That Schlesinger should favor a realist approach is only appropriate, since he is largely a product of the social realist movement in British cinema; and in 1967, he was still very much under its sway. Social realism, of course, gave us the “Angry Young Man” whom the Welfare state had educated out of the working class, but who had not succeeded in breaking down the class and economic barriers to greater prosperity. Such films as Room at the Top (Jack Clayton, 1958), Look Back in Anger (Tony Richardson, 1959), and Saturday Night and Sunday Morning (Karel Reisz, 1960) were marked by familiar elements like a working-class antihero who usually expressed his disaffection through sneering wit, aggressive sexuality, and chauvinism often bordering on misogyny; harsh, unsentimental depictions of bleak northern cities and landscapes, usually with a focus on the effects of industrialism on the land; and—most importantly—authentic regional dialects.

Suffice it to say that “the sneering wit, aggressive sexuality, and chauvinism often bordering on misogyny” are all embodied in Frank Troy while they were not found in Gabriel Oak, the character who had most in common with the angry young men of the early 60s. If you are at all susceptible to novels and films with likable major characters, you will probably be as seduced by “Far From the Madding Crowd” as I was.


November 19, 2015

Two new poetry books

Filed under: literature — louisproyect @ 3:21 pm

For those who have been reading this blog over the years, you’ll probably be aware of my past references to Paul Pines, a Bard College classmate from the early 60s who I regard as one of America’s finest poets. Paul has a new book out that contains all the pleasures of his past work, especially the ability of his poems to tell a tale in striking language. Or as Ezra Pound once put it: “‘Great literature is simply language charged with meaning to the utmost possible degree.’” Here is a selection from the new book, a collection of poems inspired by his beautiful daughter I had the good fortune to meet a few years ago:

Zorro by the door chews his bone
Ben Webster on NPR
plays Making Whoopee
my wife in the bedroom
talks on the phone

I recall other lives
on the lower East Side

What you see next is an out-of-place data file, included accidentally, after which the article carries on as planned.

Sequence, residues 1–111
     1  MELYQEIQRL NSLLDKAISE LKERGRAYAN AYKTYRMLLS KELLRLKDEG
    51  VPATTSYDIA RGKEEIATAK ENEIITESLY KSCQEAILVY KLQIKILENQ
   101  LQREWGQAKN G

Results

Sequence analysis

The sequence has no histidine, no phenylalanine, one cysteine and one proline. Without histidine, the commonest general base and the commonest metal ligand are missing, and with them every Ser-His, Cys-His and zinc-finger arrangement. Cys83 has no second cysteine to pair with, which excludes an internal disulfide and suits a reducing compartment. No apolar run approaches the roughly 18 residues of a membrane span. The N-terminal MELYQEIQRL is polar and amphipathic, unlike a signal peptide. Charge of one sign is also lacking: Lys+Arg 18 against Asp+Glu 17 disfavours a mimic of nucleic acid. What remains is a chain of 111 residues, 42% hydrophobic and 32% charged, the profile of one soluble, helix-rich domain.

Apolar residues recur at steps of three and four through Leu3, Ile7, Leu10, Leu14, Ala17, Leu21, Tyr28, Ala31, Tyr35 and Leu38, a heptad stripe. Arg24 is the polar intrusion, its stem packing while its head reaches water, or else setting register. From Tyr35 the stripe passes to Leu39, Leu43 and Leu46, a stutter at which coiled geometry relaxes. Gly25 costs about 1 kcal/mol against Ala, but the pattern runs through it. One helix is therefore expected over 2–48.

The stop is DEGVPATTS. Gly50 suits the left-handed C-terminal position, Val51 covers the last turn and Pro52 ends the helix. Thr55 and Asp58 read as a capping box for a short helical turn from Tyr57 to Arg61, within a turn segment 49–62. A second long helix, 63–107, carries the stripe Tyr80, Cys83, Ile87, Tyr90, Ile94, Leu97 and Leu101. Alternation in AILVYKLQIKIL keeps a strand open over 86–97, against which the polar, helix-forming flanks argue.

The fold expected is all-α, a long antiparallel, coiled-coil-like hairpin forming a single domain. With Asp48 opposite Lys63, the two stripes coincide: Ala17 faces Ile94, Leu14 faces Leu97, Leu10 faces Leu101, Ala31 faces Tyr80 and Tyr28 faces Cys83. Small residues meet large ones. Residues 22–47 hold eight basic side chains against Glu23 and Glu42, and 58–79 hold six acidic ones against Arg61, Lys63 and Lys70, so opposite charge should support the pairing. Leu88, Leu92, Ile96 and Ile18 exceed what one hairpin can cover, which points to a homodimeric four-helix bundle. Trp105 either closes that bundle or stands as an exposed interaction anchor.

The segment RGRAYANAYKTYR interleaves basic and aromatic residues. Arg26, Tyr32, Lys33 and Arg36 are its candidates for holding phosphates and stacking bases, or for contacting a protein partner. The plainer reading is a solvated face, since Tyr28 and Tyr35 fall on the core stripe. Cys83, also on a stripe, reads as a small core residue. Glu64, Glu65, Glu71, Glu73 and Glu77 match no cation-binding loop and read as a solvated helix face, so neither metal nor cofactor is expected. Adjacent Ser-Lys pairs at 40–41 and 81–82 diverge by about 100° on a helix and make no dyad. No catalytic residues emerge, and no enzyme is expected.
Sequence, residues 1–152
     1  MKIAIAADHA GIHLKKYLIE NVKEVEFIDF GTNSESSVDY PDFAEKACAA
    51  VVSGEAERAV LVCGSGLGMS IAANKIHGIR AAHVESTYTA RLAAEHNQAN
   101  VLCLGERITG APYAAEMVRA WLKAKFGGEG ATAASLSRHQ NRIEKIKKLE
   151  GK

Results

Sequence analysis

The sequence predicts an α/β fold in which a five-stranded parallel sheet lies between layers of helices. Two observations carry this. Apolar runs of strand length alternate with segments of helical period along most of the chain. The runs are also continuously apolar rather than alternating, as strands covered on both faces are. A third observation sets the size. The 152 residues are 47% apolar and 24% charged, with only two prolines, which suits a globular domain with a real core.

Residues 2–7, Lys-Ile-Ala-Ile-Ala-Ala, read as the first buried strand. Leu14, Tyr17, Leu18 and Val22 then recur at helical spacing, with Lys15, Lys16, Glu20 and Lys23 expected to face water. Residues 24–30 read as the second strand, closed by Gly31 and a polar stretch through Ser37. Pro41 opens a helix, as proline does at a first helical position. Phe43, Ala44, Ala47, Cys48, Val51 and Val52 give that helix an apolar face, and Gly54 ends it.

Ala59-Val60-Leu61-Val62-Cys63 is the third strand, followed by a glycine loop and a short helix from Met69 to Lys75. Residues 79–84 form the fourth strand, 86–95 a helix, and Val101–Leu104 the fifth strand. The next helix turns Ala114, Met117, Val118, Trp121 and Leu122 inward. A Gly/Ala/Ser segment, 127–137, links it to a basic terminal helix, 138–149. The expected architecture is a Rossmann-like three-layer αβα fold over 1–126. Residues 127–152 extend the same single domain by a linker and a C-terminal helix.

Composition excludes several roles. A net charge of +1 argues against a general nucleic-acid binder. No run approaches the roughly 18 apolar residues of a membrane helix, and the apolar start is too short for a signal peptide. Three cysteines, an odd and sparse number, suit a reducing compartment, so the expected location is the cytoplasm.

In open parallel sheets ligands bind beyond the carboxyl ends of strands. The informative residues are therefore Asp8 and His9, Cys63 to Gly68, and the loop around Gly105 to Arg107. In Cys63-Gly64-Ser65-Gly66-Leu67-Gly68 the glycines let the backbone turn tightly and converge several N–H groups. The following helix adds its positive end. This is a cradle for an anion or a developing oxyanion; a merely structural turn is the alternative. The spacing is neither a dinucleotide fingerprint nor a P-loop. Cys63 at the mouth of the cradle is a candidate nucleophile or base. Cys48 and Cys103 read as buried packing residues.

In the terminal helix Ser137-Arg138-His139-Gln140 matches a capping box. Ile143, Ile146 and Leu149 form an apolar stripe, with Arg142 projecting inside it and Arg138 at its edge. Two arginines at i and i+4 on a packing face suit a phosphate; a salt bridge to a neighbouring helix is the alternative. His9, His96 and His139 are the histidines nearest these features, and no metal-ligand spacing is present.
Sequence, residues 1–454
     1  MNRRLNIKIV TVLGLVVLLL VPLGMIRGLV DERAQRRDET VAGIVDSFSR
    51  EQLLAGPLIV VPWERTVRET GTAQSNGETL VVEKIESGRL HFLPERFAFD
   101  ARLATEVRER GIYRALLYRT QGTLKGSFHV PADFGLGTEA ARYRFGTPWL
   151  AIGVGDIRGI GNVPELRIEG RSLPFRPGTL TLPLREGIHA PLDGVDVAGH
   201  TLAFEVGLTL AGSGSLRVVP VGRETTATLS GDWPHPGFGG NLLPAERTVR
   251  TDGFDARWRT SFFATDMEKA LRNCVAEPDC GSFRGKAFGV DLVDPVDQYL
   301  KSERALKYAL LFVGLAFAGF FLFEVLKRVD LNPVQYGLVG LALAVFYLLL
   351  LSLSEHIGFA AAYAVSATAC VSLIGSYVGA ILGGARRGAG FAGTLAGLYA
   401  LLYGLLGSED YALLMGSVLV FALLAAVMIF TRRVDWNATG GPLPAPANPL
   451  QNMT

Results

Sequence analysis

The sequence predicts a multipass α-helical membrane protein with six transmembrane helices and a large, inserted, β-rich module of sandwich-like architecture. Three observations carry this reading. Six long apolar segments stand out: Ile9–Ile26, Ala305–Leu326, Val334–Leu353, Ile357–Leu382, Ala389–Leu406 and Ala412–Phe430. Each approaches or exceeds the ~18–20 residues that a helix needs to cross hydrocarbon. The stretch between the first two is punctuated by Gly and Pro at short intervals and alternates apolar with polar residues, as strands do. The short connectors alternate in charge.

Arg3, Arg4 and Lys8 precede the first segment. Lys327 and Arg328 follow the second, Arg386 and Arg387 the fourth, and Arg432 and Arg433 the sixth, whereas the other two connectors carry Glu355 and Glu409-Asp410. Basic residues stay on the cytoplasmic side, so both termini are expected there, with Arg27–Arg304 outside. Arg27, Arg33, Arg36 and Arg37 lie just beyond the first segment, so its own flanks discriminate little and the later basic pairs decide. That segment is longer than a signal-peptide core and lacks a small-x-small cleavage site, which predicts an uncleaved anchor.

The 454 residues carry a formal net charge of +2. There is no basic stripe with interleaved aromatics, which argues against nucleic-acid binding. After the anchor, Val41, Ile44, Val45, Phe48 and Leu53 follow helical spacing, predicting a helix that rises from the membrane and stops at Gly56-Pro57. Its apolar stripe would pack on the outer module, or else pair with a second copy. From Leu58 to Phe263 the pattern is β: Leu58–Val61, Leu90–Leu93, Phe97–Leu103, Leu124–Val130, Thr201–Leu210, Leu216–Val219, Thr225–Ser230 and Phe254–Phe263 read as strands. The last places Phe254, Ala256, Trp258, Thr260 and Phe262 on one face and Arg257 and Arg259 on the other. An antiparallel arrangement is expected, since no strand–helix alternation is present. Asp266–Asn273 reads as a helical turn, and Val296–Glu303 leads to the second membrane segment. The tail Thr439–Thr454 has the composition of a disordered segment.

in Cholon
nights in smoky clubs
listening to Eddie Jefferson
wandering Belizean bush
over empires buried
under half an inch
of earth…

until my daughter
wonders what I’m doing
alone in the dark
asks, Daddy, are you all right?

Sure, I say
knowing she’s afraid
I’ve gone too far away
and might never
come back

Like Paul Pines, who has an affinity with indigenous peoples as might be evident by his reference to “empires buried” in Belize above, John Kaniecki writes about native Americans in a number of poems in his “Poet to the Poor: Poetry for the Bottom One Percent”.

The publisher has some biographical information about John:

John Kaniecki is a member of the Revolutionary Poet’s Brigade and Secretary for Rhyming Poet’s International. John volunteers as a missionary in the inner city of Newark , New Jersey, for the Church of Christ at Chancellor Avenue. John is active in the antiwar movement. In particular, John is a strong advocate of the rights of indigenous people.

This poem expresses his advocacy. (Chief Joseph was the leader of the Nez Perce who led an armed struggle against forced removal from their homeland in Oregon.)

Chief Joseph’s Bones

I cried out calling for Chief Joseph’s bones
I could not be heard
Not a solitary word
Amongst the lonely cries and bitter moans
Chief Joseph where do you dwell
They have deformed paradise
And concocted a concrete hell
If only they heeded your advice
If they would but listen
The sky would be clear and the blue lakes glisten
We would live off of the bounty of the land
And God’s deepest secrets understand
Instead our heaven is a sickly gray
Waters poisoned the soil spoiled

Who can really say
For what we have laboriously toiled
Chief Joseph your wisdom was profound
Truly Mother Earth none can own
If they had only known
A better world for all we would have found
All the money of every nation, of every style
Is a pile of paper sick and vile
Give me the cool summer breeze